Wednesday, 13 October 2010

Unicode 6.0 released: Let the challenge begin

Unicode 6.0.0 was released yesterday, October 12th 2010. This is a major update to Unicode - version 5.0 was released in 2006, followed by partial updates 5.1 (2008) and 5.2 (2009). Details are given at, also see the Unicode, Inc. press release Unicode 6.0: Support for Popular Symbols in Asia. The Unicode character repertoire reflects the ISO/IEC 10646:2010 standard for characters, Unicode itself adding much of the technical information needed for implementation of writing systems.

All of which gobbeldy-gook masks the fact that Unicode is a rather wonderful thing, not only a valuable technology but also a work of art and beauty that eclipses much that passes for establishment and celebrity art of modern times in my personal opinion. Our world continues a path towards English as the lingua franca for Planet Earth with a clear decline in the relevance of traditional languages. Yet at the same time the technology that may be seen by some as a threat can also be the saviour. Unicode is the keystone. It is marvellous fact that 5000 years of diverse writing systems can become assessible to all for the first time in history and Unicode has played a pivotal role in making this happen during its 20 year evolution.

A specification is only a starting point. The complete text of Unicode 6.0 is still being revised for publication next year. I recently drew attention to ISO/Unicode scripts missing in OpenType and have since been informed that work is now underway to catch up on the missing scripts. Nevertheless it can be expected that it will take months and years before computer software and digital content catches up.

A fun addition to Unicode is the set of ‘Popular Symbols in Asia’ mentioned above. Emoticons. Here are four examples:


I suspect Emoticons will be the popular motivator for timely support of Unicode 6.0 by the usual corporate suspects (Apple, Google, Microsoft etc.). Meanwhile expect your web browser to show ‘unknown character’ for GRINNING FACE WITH SMILING EYES etc. above.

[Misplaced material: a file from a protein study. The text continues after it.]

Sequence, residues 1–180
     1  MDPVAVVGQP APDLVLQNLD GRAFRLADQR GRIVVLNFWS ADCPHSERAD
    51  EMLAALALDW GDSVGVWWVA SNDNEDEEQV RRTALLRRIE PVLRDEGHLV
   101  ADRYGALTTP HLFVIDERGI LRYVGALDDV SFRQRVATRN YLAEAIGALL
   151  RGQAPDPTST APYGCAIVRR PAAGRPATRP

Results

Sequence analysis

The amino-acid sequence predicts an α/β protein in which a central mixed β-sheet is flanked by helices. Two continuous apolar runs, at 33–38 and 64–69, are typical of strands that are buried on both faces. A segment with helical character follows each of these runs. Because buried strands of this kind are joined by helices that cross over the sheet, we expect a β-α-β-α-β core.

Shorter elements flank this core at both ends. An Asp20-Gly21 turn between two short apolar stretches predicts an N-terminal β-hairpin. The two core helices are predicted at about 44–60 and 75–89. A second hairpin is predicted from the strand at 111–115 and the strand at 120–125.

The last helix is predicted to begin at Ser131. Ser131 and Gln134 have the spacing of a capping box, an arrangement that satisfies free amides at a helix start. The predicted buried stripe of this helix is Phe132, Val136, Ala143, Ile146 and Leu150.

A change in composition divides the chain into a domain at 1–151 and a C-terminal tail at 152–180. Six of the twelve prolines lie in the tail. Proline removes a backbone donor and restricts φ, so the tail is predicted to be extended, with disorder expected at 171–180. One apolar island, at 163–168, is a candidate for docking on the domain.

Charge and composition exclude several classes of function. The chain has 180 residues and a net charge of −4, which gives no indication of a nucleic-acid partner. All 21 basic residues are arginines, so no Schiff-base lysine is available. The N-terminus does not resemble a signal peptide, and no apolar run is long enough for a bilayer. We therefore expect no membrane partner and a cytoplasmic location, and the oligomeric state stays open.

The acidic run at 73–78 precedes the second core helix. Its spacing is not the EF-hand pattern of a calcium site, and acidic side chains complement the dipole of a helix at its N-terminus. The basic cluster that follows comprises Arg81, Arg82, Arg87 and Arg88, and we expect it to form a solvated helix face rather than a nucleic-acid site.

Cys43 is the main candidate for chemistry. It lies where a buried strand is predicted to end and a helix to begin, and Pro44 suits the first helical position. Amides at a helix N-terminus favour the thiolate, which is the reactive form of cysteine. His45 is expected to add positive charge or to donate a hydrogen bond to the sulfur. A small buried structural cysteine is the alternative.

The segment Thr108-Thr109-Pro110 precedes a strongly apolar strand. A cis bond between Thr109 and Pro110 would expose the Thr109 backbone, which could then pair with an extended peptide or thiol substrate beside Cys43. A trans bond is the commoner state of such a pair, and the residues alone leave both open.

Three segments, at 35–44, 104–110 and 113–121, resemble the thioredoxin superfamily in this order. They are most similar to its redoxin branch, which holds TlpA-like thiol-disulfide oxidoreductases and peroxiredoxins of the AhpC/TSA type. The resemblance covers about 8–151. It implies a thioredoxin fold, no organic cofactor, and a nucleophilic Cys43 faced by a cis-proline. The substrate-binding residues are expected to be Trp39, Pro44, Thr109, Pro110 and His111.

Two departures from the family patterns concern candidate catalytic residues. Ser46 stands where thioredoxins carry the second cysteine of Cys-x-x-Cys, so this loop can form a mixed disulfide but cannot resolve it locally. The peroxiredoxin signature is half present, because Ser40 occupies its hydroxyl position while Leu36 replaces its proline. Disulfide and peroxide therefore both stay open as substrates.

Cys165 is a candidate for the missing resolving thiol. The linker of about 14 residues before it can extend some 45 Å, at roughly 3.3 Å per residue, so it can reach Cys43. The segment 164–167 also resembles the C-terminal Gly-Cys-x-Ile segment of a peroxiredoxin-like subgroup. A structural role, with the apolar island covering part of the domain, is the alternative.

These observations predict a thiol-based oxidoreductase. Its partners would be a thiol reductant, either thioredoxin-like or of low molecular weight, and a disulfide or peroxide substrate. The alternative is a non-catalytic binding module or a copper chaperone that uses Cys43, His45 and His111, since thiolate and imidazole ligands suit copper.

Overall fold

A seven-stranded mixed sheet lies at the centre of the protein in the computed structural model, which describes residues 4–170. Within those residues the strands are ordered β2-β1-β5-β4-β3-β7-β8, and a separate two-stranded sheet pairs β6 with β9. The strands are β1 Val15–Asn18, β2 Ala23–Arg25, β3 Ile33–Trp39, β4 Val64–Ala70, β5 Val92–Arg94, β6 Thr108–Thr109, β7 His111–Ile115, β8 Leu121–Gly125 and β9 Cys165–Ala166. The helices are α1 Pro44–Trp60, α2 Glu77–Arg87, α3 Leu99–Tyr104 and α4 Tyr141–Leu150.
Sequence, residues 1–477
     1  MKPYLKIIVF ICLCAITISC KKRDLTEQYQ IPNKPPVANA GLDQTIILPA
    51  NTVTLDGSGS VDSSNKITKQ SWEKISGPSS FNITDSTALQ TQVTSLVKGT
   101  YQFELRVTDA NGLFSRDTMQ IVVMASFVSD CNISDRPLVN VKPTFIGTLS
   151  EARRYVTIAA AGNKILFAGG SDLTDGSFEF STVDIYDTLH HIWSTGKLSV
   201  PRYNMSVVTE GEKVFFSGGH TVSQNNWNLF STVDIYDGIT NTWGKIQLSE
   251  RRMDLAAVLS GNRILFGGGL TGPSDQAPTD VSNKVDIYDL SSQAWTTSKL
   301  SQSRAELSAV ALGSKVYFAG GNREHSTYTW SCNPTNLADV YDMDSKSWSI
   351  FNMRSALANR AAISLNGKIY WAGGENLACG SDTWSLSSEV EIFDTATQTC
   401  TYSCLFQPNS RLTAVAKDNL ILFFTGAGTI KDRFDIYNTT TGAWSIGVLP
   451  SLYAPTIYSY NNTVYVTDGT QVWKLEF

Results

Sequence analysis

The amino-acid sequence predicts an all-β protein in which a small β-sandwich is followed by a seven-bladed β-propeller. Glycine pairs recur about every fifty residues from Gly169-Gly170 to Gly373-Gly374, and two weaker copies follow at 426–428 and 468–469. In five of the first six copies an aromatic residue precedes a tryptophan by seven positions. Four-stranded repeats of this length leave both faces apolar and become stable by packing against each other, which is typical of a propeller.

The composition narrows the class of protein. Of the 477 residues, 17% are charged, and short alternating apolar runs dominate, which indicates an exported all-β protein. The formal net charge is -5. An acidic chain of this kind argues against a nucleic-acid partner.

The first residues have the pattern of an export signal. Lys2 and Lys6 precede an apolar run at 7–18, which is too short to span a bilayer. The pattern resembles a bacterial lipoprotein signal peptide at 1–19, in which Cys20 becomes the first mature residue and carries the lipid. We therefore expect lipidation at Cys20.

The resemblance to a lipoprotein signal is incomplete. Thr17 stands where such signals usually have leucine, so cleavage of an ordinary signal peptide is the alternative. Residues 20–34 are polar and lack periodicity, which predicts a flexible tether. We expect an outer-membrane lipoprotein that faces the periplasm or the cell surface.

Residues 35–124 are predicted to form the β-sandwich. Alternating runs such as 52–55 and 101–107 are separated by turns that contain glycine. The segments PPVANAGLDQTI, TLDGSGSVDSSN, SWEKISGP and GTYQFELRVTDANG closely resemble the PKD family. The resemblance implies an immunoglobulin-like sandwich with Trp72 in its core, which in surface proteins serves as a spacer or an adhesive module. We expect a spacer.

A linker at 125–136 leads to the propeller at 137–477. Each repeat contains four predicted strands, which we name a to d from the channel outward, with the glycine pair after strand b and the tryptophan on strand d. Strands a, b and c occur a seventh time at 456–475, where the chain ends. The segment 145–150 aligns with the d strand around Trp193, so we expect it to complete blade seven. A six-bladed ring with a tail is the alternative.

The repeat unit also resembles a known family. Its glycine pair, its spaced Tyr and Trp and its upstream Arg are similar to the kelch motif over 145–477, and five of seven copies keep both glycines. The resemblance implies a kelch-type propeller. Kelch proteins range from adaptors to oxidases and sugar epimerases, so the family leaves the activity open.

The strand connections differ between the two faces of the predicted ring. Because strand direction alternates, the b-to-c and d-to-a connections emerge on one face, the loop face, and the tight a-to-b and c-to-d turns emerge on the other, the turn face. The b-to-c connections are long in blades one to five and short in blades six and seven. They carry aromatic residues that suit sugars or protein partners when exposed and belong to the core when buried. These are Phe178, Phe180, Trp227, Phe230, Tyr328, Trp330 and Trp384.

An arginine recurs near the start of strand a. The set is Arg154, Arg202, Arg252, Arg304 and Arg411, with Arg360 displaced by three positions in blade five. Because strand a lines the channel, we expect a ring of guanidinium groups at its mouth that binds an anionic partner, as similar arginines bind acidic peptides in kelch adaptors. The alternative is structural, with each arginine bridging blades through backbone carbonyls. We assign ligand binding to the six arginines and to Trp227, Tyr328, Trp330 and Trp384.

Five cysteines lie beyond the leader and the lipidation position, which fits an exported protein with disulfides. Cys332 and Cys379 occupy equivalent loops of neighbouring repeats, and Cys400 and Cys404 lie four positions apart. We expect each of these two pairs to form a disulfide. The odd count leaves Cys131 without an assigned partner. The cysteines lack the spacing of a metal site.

Search engines. When I checked this morning, neither Bing nor Google search were indexing the Emoticons, I’ll keep my eyes open to report on who wins that particular race.

Internet browser support. Internet Explorer is currently the most popular Internet browser and version 9 is currently in Beta. The standards based approach of IE9 and the promise of improved compatibility among new releases of all browsers though HTML5 support etc. is a very positive direction for the web. Firefox is the second most popular. Then Safari and Chrome, both webkit based. The level of Unicode 6.0 support in the major IE9 and Firefox 4 releases (expected in the first half of next year) may serve as one interesting predictor of directions in the Browser wars.

There are no especially strong motivators in the traditional Desktop software arena but the situation is different for newer device formats. Which of Android, Windows Phone 7, or iOS will support Emoticons first? What about eReaders? Silverlight, Flash. Traditionally, support for new versions of Uncode has been slow in coming but seems like the rules are different now.

Should make for an interesting 2011.

Footnote. Much of the content of Unicode is there because a large number of individuals have freely given their time simply because of the worthwhile nature of the project. (I don’t understand why the big picture has not captured the imagination of the wealthy people of our world.) In particular I’d like to mention Michael Everson (who I worked with on Egyptian Hieroglyphs and Transliteration) who deserves recognition for his many years of effort and a dogged determination to take Unicode beyond the short term requirements of commercial and national interests.

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